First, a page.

The test of control at the heart of the Uber judgment
The press went mad when the Employment Tribunal judgment in the Uber case was released and since then I have heard many misquotes and myths. Firstly, as one huge press organisation wrongly stated, the Uber drivers were not found to be employees. They were in fact found to be workers. This is the middle ground and does not give them the holy grail of employment rights but gives them far more than Uber wanted them to have as they had maintained that the drivers were self-employed. As such, they would have had no rights other than governed by the contract between the parties.
Second point to note is that the case is very fact sensitive. Other well-known courier companies have faced claims from their drivers that they are workers or self-employed and, whilst these have slipped through more quietly, they have in the past been found to be self-employed.
The case really centres on the long-established test of control. The more control there is the more likely rights are to be established. Drivers were required to accept trips offered. Documentation showed that if they rejected more than 20% of those offered their account status would be reviewed and all trips were monitored. If a driver declined three trips in a row (this includes not responding within 10 seconds of the trip being offered to the Uber driver via the smartphone app) then they were forcibly logged off the app for 10 minutes. A similar penalty occurs if a driver cancels a trip after accepting it.
The app has mapping software that determines the route. Whilst the driver can divert from that route but if a passenger complains that the most efficient route was not followed the driver is then left to justify the route taken so this is another form of control. Passengers also rate the drivers using 0-5 and if a driver has poor reviews he is then subject to “quality interventions” akin to performance management and then his account can be removed. Drivers are also subject to warnings for conduct.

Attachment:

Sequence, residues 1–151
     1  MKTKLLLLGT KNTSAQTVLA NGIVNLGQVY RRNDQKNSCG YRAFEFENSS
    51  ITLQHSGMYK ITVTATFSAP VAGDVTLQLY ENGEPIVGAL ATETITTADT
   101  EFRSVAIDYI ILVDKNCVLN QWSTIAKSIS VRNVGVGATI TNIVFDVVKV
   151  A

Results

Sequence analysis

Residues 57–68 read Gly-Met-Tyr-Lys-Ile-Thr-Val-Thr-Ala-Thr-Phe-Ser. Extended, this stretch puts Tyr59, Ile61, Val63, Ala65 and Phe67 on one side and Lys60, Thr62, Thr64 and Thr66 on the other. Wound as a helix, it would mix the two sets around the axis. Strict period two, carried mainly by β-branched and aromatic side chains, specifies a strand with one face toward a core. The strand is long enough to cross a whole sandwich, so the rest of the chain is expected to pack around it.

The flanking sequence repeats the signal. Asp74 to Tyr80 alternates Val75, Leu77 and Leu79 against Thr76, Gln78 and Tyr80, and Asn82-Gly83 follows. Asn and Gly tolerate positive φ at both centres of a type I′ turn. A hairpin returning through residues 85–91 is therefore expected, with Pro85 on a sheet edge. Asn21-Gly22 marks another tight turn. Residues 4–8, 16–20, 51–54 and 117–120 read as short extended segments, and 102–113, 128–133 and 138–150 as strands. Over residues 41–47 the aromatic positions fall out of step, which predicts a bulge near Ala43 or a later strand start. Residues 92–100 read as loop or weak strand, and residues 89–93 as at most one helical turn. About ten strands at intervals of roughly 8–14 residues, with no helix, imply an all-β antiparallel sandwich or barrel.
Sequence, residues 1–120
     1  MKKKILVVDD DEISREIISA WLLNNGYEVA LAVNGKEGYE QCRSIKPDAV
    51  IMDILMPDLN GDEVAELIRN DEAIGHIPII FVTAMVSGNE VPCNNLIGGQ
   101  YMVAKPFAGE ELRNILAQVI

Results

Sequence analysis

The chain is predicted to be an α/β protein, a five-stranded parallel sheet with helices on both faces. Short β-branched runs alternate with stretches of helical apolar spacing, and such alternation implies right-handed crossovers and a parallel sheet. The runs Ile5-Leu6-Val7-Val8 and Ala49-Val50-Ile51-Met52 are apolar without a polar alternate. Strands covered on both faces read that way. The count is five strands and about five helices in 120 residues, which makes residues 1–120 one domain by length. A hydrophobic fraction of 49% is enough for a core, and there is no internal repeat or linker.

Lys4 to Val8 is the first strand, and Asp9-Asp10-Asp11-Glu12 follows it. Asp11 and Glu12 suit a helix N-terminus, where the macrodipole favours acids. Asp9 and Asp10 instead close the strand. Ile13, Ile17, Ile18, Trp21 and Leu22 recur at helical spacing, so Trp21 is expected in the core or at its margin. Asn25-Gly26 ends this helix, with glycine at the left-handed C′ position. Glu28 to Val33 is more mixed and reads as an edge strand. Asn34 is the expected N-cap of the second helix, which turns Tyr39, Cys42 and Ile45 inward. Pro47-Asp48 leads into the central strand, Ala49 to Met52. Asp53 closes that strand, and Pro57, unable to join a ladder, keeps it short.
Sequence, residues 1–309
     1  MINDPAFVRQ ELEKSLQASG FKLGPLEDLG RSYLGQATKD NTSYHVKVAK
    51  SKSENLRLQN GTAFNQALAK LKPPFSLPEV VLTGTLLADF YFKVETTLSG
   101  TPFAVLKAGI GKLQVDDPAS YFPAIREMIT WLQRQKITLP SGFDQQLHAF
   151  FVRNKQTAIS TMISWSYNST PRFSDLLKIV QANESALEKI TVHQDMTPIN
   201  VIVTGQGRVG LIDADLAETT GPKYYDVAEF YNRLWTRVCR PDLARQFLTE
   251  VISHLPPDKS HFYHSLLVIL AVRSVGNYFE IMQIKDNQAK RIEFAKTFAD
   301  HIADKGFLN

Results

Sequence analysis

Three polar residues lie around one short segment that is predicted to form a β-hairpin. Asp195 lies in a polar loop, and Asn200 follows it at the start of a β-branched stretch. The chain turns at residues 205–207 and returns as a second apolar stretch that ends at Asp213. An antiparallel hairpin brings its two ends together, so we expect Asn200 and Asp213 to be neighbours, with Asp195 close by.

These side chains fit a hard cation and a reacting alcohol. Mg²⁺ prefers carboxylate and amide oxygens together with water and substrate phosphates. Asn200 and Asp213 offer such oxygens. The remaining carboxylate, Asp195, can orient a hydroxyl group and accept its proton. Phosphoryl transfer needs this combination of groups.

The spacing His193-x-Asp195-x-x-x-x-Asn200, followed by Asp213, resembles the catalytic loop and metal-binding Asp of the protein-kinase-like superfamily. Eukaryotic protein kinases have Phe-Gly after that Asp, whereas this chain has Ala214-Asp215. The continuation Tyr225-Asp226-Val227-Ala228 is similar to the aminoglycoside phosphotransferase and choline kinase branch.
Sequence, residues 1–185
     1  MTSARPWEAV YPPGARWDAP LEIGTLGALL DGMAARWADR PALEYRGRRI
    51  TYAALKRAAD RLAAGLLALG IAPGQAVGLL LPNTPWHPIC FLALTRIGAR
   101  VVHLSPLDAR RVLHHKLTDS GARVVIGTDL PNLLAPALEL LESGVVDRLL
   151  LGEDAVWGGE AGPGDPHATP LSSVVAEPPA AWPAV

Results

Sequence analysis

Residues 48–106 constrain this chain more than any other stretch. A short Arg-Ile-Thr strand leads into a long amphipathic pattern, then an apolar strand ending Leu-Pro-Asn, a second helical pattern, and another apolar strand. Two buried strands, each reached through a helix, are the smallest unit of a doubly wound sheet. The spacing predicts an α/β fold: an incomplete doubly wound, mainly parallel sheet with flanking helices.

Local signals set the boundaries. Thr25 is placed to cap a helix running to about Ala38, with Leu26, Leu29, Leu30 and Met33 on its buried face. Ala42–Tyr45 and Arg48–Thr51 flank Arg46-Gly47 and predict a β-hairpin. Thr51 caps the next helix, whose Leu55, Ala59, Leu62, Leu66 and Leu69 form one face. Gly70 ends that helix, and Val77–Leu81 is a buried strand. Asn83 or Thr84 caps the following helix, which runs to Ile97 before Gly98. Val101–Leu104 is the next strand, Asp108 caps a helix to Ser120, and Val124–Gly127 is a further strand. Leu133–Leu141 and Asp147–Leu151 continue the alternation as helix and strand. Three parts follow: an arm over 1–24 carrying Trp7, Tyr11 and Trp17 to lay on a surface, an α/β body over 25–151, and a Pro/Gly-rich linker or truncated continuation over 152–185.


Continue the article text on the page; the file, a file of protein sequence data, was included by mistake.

Other determining factors for the Tribunal were that Uber controls the key information (i.e. passenger details) and the driver has no access to it. Uber fixes the fare and the driver cannot agree a higher sum. Uber also determines issues around rebates to passengers often without reference to the drivers. Uber takes the risk if a passenger soils the cab, as it covers for this, and also handles complaints. It also reserves the right to amend terms and conditions unilaterally.
In addition, the Uber drivers had a requirement to personally perform the service. The right to use the app was non-transferable and drivers were not permitted to share accounts or user ID’s. There was no question of any driver bring substituted as you would expect in a self-employed contract. The drivers also underwent a screening and interview process. They are free to work elsewhere and must bear the costs of vehicle running expenses and the private hire licences. Drivers are free not to switch on the app at all.
The Tribunal accepted that when the app was switched off there could be no question of any contractual obligation to provide driving services. However, when the app was switched on and the driver is willing and able to accept fares, the driver is a worker.
This means that the Uber drivers, now classified as workers, gain a number of rights. The first is to 5.6 week’s annual leave under the Working Time Regulations, the other Working Time Rights such as daily and weekly rest periods and the right to receive the national minimum wage or national living wage when working. They also have protection to detriments from whistleblowing and other such protections. Needless to say, this decision was a huge blow to Uber who have said they will appeal so watch this space.
Disclaimer: Nothing in the Legal Insights section and this blog is intended to provide legal or other professional advice and, if readers are interested, they should consider taking separate legal or other professional advice accordingly.
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